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A few weeks ago, NME.COM trumpeted the return of *NSYNC with a review of 'Pop' which concluded that if 'Celebrity' followed in that first single's footsteps it stood to be the most sophisticated pop album ever made. Well, the results are in. And...

Well, 'Celebrity' fails to disappoint on virtually every level, and if *NSYNC are really following in Jacko's footsteps as much as 'Pop'suggests then they won't have any problem emulating his technique of releasing six singles off one album. 'Celebrity' will leave Jive spoilt for choice while other pop acts' greatest hits albums will suddenly seem like a shoddy collection of B-sides.

In fact, it's not too much of an overstatement to say that 'Celebrity' could very easily be one of the most exciting, futuristic pop albums ever made. Talk of rivalry between *NSYNC and the Backstreet Boys must stop now: *NSYNC have set their sights even higher, and if the Michael Jackson album is better than this he's a very, very lucky man.

1: 'POP' (3.57)
Written by: Justin Timberlake/Wade J Robson
Produced by: BT/Justin Timberlake/Wade J Robson
You may already have heard this one. Apparently MTV have played the video once or twice. Here 'Pop' takes its full-length form - ie the one in the video - which means we get (a) More gratuitous axe action in the middle eight, (b) More chorus at the end, (c) Justin's human beatbox extravaganza shoved on the back of it all. All three of these are very cool indeed and since the length of the song is still only four minutes you kind of wonder why it wasn't the single version. There are some strange people at work in the music industry.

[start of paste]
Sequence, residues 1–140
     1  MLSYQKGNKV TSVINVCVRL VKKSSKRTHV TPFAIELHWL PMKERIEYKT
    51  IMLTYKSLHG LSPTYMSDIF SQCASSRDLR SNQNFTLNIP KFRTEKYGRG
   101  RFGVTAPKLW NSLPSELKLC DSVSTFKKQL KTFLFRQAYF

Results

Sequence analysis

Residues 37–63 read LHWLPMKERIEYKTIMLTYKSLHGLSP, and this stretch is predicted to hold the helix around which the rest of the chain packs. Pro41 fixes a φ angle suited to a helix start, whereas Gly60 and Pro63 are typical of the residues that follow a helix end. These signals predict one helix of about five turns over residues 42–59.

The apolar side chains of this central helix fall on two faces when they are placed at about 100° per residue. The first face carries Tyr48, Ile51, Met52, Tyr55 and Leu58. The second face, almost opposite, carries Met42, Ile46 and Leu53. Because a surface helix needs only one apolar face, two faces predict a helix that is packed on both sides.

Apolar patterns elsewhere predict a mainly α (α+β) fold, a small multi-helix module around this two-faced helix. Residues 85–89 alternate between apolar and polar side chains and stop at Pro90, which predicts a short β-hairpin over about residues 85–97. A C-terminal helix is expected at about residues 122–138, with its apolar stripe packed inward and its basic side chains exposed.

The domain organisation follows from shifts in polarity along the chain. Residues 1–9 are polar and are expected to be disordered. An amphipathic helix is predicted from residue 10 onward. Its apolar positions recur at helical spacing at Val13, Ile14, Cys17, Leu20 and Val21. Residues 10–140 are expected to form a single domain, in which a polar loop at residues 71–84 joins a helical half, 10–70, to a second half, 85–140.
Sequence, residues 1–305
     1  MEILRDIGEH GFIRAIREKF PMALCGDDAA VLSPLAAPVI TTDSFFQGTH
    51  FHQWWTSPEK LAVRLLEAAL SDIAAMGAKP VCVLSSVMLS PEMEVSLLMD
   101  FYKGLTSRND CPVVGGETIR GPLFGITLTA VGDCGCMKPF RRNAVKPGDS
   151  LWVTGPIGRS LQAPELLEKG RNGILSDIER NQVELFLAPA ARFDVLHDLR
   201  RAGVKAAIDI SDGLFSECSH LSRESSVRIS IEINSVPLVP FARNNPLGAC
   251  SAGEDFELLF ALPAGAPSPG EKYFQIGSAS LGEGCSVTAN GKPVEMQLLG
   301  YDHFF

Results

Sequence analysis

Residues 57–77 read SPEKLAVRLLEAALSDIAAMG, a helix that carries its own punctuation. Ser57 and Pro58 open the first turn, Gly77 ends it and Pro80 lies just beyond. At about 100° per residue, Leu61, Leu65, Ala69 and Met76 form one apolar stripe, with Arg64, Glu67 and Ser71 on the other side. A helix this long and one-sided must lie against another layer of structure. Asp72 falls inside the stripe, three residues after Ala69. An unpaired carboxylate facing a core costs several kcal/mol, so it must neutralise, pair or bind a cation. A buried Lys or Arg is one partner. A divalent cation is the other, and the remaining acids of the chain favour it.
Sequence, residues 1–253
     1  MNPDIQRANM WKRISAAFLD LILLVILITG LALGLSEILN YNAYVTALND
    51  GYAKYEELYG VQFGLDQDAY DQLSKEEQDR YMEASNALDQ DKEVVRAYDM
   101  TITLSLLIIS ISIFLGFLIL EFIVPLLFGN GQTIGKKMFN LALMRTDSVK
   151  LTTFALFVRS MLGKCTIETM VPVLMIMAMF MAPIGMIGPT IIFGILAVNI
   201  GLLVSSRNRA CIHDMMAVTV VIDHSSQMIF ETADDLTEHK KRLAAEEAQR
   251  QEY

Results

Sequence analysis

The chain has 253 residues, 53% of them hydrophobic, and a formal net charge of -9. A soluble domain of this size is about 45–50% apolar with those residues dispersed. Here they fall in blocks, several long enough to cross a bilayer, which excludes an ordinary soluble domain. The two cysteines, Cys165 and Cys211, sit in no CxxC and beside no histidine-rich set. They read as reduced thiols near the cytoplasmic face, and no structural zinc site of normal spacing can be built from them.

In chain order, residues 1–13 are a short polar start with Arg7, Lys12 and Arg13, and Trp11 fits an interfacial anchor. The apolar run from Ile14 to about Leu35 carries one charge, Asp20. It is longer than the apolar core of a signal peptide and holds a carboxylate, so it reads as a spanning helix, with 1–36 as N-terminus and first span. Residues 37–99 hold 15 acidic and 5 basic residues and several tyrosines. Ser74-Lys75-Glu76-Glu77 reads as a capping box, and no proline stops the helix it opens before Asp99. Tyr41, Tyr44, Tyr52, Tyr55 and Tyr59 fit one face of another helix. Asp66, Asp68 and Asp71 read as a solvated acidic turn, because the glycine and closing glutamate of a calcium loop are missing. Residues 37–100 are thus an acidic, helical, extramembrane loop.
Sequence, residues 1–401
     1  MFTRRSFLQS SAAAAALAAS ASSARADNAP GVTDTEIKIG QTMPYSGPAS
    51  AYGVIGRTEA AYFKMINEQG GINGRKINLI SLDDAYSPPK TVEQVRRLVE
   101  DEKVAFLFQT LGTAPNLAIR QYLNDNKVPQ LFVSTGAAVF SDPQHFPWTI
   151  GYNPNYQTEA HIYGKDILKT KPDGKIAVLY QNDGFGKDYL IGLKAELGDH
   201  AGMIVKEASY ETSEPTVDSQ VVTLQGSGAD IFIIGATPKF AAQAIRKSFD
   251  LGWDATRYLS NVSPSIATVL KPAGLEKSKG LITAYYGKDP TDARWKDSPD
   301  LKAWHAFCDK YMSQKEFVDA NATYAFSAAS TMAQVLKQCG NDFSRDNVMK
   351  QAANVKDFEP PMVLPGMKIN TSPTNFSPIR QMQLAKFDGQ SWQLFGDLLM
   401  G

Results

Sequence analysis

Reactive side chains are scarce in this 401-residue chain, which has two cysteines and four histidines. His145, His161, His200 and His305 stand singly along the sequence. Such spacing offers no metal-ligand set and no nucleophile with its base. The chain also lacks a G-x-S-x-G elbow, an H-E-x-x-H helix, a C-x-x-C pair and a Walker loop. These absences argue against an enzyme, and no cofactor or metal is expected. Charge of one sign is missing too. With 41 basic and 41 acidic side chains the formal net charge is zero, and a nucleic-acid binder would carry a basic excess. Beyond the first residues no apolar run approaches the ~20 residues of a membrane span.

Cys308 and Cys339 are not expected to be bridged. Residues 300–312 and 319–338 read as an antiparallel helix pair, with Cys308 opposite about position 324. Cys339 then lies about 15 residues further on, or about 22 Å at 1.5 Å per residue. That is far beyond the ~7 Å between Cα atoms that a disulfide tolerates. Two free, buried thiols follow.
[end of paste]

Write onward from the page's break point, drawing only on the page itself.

*NSYNC-type asterisks out of 10: **********

2: 'CELEBRITY' (3.17)
Written by: Justin Timberlake/Wade J Robson/J Valentine
Produced by: Rodney Jerkins/Justin Timberlake/Wade J Robson
As the Spice Girls proved, any old fool with a bit of cash in their bank account can wheel out Rodney Jerkins for a bit of knob-twiddling, but this mid-tempo number comes off better than a lot of the Jerkster's recent offerings, and Britney's already had him (on the '(I Can't Get No) Satisfaction' cover) so it's about time Justin and co. got a bit of his attention. "I've been thinking about the things that satisfy you," Justin muses at the start, "I'm beginning to wonder what you see in me." Turns out it's all about Justin being famous! "If I couldn't buy you diamond rings and all those other expensive things, would you be so into me, if I wasn't a celebrity?" he continues. Now nobody needs paranoia in a relationship but Justin is quite famous and quite rich. Then again so is Britney so the argument sort of falls a bit flat. There is much scratching in the background, there are camera sound effects (because celebrities very often have their photographs taken), there is crowd noise, and there's a bit where they sing "j-o-b" like Gwen Guthrie in 'Aint Nothin' Going On But The Rent', which of course is a masterstroke. Anyway by the end of it Justin decides that he's had enough of it, concluding "Now I'm leaving you behind - I've found somebody who can love me for me". Which is nice for him.